Over 16 seasons and the 315 games he played in
A four-time All-Star with the
Last year, after tearing his left quadriceps in the playoffs, Reis called it a career and retired at 38.
In his tearful retirement speech, Reis likened himself during his early days in MLS to a soccer pioneer. "I like to say that back in the day, we were in covered wagons going across the country setting up soccer in the United States," he said. "It's come a long way and I'm proud to be part of that."
He wanted to stay in the game and
"You don't have it on your shoulders whether to make that save or make those decisions," Reis said about becoming a coach. "You have to impart your knowledge on the guys and hope they make the right decisions."
His ability to pass on that knowledge will be a key to Reis' success.
The Galaxy has three goalies: veteran Jaime Penedo, the starting keeper who joined the team in August, and two younger backups, former UCLA teammates Brian Perk and Brian Rowe. Reis has more appearances just in playoff games (23) than his pupils have in their entire MLS careers.
"Having played so many years in the MLS gives him this knowledge of the league," Penedo said. "He knows how it works, knows the little idiosyncrasies of players; he just knows so much."
During a recent practice, the energetic Reis still looks like a player. He walks onto the field and spends much of the session showing his goalkeepers where they should be positioned and how their feet should be set before making a save.
But when he talks to Penedo, Reis often uses gestures.
The Panamanian national goalkeeper, who has spent most of his 14-year career playing in Central America, speaks little English. Reis, who grew up in Southern California, speaks some Spanish, but sometimes their words are lost in translation and complicate the teaching process.
"I know more English than he knows Spanish," Penedo jokes in Spanish. "But since goalkeeping is a subject we both understand very well, we generally understand each other."
Penedo's development is crucial for the Galaxy. He was signed in the second half of 2013 after Carlo Cudicini, the team's starter, struggled in goal. Penedo started nine regular season-games, giving up only seven goals, cementing his status as the team's top goalie.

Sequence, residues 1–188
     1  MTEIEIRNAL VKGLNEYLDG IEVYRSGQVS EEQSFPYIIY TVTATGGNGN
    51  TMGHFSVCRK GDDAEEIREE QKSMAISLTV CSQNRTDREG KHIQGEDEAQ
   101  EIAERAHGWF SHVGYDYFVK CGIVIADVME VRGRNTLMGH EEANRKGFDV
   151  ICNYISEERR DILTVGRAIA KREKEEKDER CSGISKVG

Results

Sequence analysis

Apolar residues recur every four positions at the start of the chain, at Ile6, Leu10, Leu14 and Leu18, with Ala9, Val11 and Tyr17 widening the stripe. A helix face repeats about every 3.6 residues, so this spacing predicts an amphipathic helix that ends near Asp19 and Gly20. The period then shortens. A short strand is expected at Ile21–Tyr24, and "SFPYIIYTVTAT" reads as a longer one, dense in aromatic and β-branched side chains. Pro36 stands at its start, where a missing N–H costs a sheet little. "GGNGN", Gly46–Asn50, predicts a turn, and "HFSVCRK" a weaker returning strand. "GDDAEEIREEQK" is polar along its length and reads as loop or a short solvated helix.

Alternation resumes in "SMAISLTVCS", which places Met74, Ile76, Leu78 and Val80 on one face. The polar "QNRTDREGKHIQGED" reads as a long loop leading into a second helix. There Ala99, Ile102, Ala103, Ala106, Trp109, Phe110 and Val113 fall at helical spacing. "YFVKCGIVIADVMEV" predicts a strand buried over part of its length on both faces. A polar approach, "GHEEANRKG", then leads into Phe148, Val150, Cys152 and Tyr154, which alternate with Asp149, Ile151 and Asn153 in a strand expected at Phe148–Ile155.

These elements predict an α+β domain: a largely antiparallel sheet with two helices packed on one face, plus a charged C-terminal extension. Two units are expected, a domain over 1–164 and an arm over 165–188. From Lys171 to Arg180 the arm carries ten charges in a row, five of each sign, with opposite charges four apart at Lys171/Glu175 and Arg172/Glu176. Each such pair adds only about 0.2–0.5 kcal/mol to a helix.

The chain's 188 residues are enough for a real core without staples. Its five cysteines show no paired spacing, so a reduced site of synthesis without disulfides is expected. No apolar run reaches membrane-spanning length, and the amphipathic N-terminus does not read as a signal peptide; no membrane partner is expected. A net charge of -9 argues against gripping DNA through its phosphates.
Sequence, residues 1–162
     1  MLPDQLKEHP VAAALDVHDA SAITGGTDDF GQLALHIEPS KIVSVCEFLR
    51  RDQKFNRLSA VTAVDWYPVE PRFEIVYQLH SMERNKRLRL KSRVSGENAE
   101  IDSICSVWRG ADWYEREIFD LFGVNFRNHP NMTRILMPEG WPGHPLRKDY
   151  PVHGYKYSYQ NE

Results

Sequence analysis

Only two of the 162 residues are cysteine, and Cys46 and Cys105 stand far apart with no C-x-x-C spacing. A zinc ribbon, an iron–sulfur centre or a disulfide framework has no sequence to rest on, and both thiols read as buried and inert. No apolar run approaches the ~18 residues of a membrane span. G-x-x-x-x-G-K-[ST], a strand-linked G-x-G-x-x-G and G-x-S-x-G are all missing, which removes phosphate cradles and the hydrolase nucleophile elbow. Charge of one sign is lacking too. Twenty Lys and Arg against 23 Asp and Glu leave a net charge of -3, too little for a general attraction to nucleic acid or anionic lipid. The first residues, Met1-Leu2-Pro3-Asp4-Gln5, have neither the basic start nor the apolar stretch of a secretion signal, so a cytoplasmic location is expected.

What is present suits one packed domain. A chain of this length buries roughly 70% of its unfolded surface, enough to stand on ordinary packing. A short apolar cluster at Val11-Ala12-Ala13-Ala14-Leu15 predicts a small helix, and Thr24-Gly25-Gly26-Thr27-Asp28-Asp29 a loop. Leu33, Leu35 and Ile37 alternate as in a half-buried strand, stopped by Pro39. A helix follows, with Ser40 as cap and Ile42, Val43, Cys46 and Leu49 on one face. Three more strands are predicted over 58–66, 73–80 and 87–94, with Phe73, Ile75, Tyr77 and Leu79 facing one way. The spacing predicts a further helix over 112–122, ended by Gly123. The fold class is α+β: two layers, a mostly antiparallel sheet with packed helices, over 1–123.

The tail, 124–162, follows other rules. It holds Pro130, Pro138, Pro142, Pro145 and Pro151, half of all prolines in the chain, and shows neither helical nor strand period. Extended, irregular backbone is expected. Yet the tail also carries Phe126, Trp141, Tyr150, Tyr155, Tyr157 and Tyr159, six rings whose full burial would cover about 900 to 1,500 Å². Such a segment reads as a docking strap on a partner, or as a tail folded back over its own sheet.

But the 32-year-old Penedo is still getting used to MLS play, which he says is faster and more physical than in other places he has played. Reis is helping Penedo make the necessary adjustments.
Reis noticed that Penedo typically stood upright, leaning back on his heels, before a shot arrived. Reis advised Penedo to bend his knees and lean forward on his toes, so he can move more quickly to attack the ball and push it out of the goal.
Reis, who is 6 feet 1, is the same height or slightly taller than his goalies. The goal is 24 feet wide, and taller goalies have a better chance to cover distance on a single dive than shorter keepers, who must be quicker on their feet to make the same save.
So in training camp, Reis is trying to improve his goalkeepers' lateral movement. This is a particular challenge for Penedo.
In Central America, Penedo explained, the goalkeeping style is to rely on strength and to just dive for the ball.
But under Reis' coaching, Penedo is using chopping steps to first move sideways, before he dives, to cover more ground.
"Sometimes I'll think I made a great save during practice, but he'll come over and say, 'You needed to set your feet this way instead,' and that's what's really making a difference," Penedo said.
For his two younger goalies, Perk and Rowe, who are still in their first years in the league, the new coach is something of a role model.
Like them, Reis attended UCLA, with which he won a national championship in 1997. And also like them, Reis spent the first years of his career as a backup with the Galaxy.
"He's gone through everything we've gone through, so it's great to look up to him and pick his brain a little bit on how he's made it so long in the league," said Rowe, 25, who is the third-string goalkeeper and is once again competing with Perk, 24, for a higher spot on the roster.
As a player in New England, Reis had a reputation as a practical joker.
Reis still has one of the loudest voices on the practice field, and can often be heard mock-jeering players and other coaches during impromptu games after practice. But when it comes to training his goalies, it's business.
"I can't just sit there and play all the jokes," Reis said, who hopes to be a head coach one day. "It's all good and fun, but then if we're losing games and our goalies are terrible then that looks poorly on me."
So Reis keeps the jokes to a minimum but tries to keep it light enough afterward to have a good rapport with his players.
"To me, it's like he's another one of us goalies," Penedo said.